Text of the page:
This “hand drawn” logo was designed by an algorithm

But is it even possible to design something impartially? That is the exact question, with what Talia cotton wrestles with the new brand identity she built for Guilty by union (GBA) – an arts organization formed to empower underrepresented artists and “empower the creative invisible”. Your new logo isn’t just a logo, it’s a code that generates an unlimited number of permutations and reflects the unlimited diversity of GBA-supported artists.

[Image: courtesy GBA]

It started with a series of sketches that Cotton then turned into software. “It’s a hand-drawn logo, but it’s infinite,” says Cotton. “It represents all the hand drawings of all time.”

Cotton, who teaches interaction design at Parsons School of Design in New York City and leads data-driven and algorithmic brand identities at Pentagram, completed the work as part of her own practice. And you can create your own version of the logo by playing with GBA’s public tool. One moment it’s a pencil-thin “GBA” as if drawn by one New Yorker Cartoonist. The next one is dripping almost like graffiti sprayed on the side of the train. Next, it lights up with the strokes of a highlighter. The next time it’s overlaid and redrawn with an ink pen 30 times – and for some reason my mind drifts to Basquiat.

[Image: courtesy GBA]

What Cotton created is different from other algorithmic designs used in branding. Algorithmic design, one of the hottest trends of the 2010s, uses code to automate much of the work designers do, allowing them to create many variations on a theme. Brands have used algorithmic design to generate abstract identities with myriad permutations. But Cotton’s GBA logo is a more traditional take on the idea: it’s still a recognizable wordmark no matter how many times you update it.

[Image: courtesy GBA]

“[We] You know that from the wave of generative logos a few years ago: the most successful brands are not generative. They have one stamp they can use for anything, and it’s really easy,” says Cotton, pointing out that the most important part of any successful brand is sheer repetition. “Personally, what amazes me is that while the diversity of this logo is so vast and varied, it still fits within that realm of recognisability.”

To create the logo, Cotton drew the letters GBA 10 times. “Every time I drew them,” she says, “I tried to make them [the letters] as different as possible. . . to achieve the most dramatic changes, but still make the logo legible.” She then began to deconstruct her own work, identifying the digital Bezier curves and anchor points that lurked within her analog logic. “I had to understand the rules by which these letterforms are written by a human almost manually so that I could define them in the algorithm and have the computer follow that algorithm,” says Cotton.

[Image: courtesy GBA]

Despite this algorithmic diversity, many components of the logo remain philosophically intact. For example, the hooks of the GBA logo “spur” the G always resembles an arrow. Thick, thin, messily drawn or clean, you can always read this arrow. Likewise the bar of capital A (the horizontal line) always emerges from the triangle of the letterform. No matter how many times you adjust the design, it never fits. Why? That’s because Cotton drew her original letters that way.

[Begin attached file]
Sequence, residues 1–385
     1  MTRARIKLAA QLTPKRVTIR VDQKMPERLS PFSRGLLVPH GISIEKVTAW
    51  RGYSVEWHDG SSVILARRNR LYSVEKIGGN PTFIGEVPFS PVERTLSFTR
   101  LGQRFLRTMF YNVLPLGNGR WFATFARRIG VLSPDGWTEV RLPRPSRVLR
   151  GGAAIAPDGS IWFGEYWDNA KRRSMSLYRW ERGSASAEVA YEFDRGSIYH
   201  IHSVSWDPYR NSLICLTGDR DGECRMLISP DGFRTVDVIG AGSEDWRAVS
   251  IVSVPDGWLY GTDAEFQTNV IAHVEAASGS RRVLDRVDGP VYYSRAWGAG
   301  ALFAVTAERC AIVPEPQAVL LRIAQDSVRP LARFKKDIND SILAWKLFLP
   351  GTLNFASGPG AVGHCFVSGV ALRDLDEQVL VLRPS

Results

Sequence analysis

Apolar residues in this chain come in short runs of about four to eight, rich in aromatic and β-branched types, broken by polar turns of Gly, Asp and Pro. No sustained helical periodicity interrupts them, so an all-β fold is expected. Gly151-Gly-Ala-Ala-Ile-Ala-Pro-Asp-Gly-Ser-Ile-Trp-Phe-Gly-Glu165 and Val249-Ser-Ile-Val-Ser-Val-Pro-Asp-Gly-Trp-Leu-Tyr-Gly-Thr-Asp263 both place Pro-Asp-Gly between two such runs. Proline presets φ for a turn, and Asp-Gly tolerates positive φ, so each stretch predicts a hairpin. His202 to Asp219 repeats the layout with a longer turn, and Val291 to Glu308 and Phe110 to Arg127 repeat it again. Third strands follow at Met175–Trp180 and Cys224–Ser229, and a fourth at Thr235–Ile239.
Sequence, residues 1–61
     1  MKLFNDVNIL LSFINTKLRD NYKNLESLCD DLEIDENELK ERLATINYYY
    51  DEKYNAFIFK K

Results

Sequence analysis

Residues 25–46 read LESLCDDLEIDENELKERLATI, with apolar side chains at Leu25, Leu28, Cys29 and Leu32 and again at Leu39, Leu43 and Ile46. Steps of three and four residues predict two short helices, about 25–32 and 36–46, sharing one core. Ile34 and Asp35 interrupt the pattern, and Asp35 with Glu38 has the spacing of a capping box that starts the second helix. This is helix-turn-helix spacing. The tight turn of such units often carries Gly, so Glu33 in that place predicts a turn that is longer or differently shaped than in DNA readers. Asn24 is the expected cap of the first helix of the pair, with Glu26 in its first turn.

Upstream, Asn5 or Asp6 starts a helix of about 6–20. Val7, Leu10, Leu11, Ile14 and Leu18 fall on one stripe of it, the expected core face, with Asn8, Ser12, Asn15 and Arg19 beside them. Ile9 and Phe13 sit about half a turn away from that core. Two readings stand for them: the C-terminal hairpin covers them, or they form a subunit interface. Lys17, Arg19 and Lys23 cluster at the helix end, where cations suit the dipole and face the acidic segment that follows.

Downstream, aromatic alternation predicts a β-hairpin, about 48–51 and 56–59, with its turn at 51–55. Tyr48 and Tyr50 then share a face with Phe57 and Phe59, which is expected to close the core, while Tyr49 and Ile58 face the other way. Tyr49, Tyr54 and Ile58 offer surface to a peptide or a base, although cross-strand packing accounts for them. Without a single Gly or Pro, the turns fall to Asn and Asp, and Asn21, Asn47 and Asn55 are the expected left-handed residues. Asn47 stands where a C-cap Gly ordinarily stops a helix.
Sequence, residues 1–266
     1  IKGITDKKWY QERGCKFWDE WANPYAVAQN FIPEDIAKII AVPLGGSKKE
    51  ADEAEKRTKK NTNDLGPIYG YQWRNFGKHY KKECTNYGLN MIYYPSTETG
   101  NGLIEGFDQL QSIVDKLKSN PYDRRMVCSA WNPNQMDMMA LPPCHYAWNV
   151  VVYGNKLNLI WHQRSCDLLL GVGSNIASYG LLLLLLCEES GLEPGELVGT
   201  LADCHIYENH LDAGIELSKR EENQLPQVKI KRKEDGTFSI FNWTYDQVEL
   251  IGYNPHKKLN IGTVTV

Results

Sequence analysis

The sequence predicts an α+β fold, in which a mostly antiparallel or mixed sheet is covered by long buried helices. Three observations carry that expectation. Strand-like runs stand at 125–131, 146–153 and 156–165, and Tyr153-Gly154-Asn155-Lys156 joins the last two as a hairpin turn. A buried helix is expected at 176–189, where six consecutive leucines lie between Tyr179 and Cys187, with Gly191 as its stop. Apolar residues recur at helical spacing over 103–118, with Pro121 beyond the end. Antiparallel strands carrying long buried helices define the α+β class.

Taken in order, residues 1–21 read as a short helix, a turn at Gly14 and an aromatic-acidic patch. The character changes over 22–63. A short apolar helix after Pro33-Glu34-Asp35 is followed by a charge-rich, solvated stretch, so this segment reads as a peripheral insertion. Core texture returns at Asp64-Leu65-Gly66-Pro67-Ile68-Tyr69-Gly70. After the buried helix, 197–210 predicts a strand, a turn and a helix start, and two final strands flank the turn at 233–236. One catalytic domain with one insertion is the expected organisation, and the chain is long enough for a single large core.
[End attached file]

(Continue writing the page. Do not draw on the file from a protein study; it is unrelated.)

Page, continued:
While this is good for making the logo recognizable, it also misses its original goal. Though she tries to create an unbiased design, her own point of view is still thoroughly burned into every letter. “That’s the mistake,” says Cotton. “At the end of the day, I was the one who drew that. I tried to stretch it as much as possible, but ultimately settled on the original stencil that all these are from [permutations] are written.”

[Image: courtesy GBA]

The asterisk associated with the project shows just how biased design really is. Even when so many factors are controlled, a designer’s point of view is inherently at the heart of his work. Otherwise there is no work.

[Image: courtesy GBA]

However, Cotton is not yet giving up on her lofty goal. In collaboration with GBA, she’s creating what she calls “version 2.0” of the logo generator. Essentially, she has someone else draw the initials, then applies her deeper algorithmic logic to letter spacing, positioning, and stylization to offer variations on another person’s theme. Technically there is no limit to how many people could design a new GBA logo in this way and it will allow the organization to further develop its inclusive brand identity.

Inviting more hands to draw the logo is almost a solution, but of course, Cotton’s point of view will still be lurking in the code. The difference is that their decisions about the positioning and treatment of letters are applied to other people’s handwriting, not their own. You could call these decisions “bias,” or you could call them the studied determinations of a professional designer. Both labels can go together with the right amount of lively debate, which is why GBA’s brand development will be remarkable to study – even for Cotton himself. This “hand drawn” logo was designed by an algorithm


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